According to research by the Washington University School of Medicine, published in Science Translational Medicine, a common antidepressant can reduce the production of brain plaques.
Brain plaques correlate closely with memory problems and other cognitive impairments caused by Alzheimer’s disease. Stopping plaque buildup is believed to help halt the mental decline of Alzheimer’s patients. Scientists found the antidepressant citalopram stopped the growth of plaques in a mouse model of the disease. The research also found, in young adult humans who were cognitively healthy, that a single dose of the antidepressant lowered production of amyloid beta by thirty-seven percent. The researchers stress that while the results may be promising, any treatment at this point is premature.
Levels of amyloid beta, a protein produced by normal brain activity, rise in the brains of patients with Alzheimer’s, and eventually clump together to form plaques. Most antidepressants keep serotonin circulating in the brain, and this study was born from the theory that serotonin helps reduce plaque levels in cognitively health individuals.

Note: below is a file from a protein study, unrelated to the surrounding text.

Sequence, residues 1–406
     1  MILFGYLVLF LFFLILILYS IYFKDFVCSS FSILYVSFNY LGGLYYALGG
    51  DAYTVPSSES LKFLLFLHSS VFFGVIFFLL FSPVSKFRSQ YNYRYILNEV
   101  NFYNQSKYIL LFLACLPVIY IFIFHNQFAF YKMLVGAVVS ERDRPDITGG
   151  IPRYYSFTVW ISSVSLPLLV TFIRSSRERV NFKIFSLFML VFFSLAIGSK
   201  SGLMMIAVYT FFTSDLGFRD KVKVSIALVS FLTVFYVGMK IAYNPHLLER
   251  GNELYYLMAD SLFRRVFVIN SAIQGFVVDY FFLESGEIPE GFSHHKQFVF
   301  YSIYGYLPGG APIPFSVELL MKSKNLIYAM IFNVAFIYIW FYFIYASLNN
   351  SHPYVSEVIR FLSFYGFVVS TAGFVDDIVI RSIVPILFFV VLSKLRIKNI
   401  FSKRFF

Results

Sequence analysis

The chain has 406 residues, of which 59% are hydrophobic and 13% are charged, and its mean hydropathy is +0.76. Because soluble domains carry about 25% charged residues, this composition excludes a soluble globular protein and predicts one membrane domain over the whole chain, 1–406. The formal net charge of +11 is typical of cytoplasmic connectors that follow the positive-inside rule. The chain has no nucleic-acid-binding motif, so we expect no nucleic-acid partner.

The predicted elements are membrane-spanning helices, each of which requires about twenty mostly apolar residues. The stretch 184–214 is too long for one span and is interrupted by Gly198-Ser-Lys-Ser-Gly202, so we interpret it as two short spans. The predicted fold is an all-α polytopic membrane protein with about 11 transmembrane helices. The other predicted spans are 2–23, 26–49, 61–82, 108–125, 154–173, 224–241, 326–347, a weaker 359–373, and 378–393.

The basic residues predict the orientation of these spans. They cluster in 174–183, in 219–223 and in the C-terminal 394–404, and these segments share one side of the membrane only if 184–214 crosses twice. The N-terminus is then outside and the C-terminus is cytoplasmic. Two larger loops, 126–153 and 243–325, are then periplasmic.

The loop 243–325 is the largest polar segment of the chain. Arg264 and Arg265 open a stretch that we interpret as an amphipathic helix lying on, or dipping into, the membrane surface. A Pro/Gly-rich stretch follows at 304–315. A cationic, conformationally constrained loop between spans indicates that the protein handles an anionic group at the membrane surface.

For this research, scientists gave citalopram to older mice with brain plaques. They used two-photon imaging to track the growth of plaques in the mice for twenty-eight days. The results showed a rate of formation of new plaques decreased by seventy-eight percent. In a second experiment, the scientists gave citalopram to twenty-three people cognitively healthy people aged eighteen to fifty. Spinal fluid from the participants over the next day showed a thirty-seven percent drop in amyloid beta production.
- Sheline YI, West T, Yarasheski K, Swarm R, Jasielec MS, Fisher JR, Ficker WD, Yan P, Xiong C, Frederiksen C, Grzelak MV, Chott R, Bateman RJ, Morris JC, Mintun MA, Lee J-M, Cirrito JR. An antidepressant decreases CSF Ab production in healthy individuals and in transgenic AD mice. Science Translational Medicine, online May 14, 2014.
- Washington University in St. Louis. (2014, May 14). Antidepressant may slow Alzheimer’s disease. ScienceDaily. Retrieved May 16, 2014 from sciencedaily.com/releases/2014/05/140514142326.htm
By Emma Henson
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